“We are really excited to start a farm stand this year,” said Gebretsadik. “Not only will the youth participants grow some of the food for the farm stand, but they will also learn about marketing produce and general customer service skills.”

Youth learning and engagement in farming and team building

Youth participants are exposed to food production and wetland restoration techniques, but perhaps the most important part of the youth engagement program is the team and community building that helps cultivate a connection to our food system.

“At the beginning of the youth employment program, we sign a community contract, which is the foundation of our team and includes basic principles we expect from each other, such as mutual respect and active listening,” said Gebretsadik. “This contract serves as a way to build a space safe on the farm.

“Throughout the six-week program, we engage youth participants in team building activities that help build the connection between their daily lives and the local food system,” said Gebretsadik. “We don’t expect all of the youth participants to become farmers, but we want them to become invested in our farm and build the type of community that is interconnected and whole.

“In the future, we plan to provide professional and job training workshops, such as resume, interview, and goal-setting workshops, so that food production and farming can be a vehicle for personal and professional youth development,” said Gebretsadik.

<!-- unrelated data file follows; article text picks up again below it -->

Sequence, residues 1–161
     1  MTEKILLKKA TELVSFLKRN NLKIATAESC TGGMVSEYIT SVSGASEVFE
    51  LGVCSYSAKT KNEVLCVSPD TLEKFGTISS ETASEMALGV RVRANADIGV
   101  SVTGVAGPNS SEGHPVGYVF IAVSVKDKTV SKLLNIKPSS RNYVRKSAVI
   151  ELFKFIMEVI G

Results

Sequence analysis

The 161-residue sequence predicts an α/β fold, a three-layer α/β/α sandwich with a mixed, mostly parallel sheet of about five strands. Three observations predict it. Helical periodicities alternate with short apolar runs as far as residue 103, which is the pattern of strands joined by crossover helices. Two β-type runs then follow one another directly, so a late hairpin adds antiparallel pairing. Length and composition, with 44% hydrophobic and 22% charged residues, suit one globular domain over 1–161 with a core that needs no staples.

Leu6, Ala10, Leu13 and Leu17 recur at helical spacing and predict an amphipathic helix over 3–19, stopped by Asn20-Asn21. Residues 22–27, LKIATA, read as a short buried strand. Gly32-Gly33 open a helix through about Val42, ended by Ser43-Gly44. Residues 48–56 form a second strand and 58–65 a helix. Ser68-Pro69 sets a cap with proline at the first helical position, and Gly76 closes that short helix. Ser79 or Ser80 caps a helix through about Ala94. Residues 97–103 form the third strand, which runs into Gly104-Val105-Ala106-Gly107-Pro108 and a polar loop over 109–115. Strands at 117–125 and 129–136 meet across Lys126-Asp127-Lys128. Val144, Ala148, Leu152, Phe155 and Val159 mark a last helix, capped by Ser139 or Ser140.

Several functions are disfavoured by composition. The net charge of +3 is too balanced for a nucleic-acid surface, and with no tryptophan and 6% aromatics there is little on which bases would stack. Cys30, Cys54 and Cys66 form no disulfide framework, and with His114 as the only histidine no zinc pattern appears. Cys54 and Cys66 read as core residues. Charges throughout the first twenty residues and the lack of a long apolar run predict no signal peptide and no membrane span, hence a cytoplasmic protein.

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Team building activity with 2019 RBUFW youth participants

Why is it important for youth members of the community to engage in farming?

“In my experience, there is a stigma around farming, where people believe farming can only happen in rural areas and not in the city,” said Gebretsadik. “This disconnect removes urban farming from people’s minds as a viable option for food production.

“There is also a stigma that farming is what older folks who are white do, and we want to show youth participants that farming is for everyone and they can do it too,” said Gebretsadik. “The lack of exposure of farming in schools, after-school programs, and in conversations in general is causing minimal to no youth engagement in farming. If adults are not engaged in or thinking about farming, young people are not either.”

“We need more programs to exist that engage youth in urban farming,” said Gebretsadik. “Many youth members that I’ve worked with have never stepped foot in a garden or have experience growing their own food. RBUFW hopes to show youth how to farm in creative and engaging ways so they are invested in food production as well as their own personal and professional development.”

Are you interested in RBUFW’s CSA program or farm stand? Youth members of RBUFW’s youth employment program will be growing food for the CSA program and farm stand this year.

The farm stand is donation based, and RBUFW accepts Fresh Bucks and can match SNAP dollars. Please visit their website to get current information about RBUFW’s farm stand schedule.

RBUFW also operates the Good Food Bags program on site, delivering over 700 bags of produce sourced from other small local farms to South Seattle. Read more about the Good Food Bags program here.

Are you or is someone you know interested in RBUFW’s youth employment program? Visit their website for more information.

Images courtesy of Suez Gebretsadik.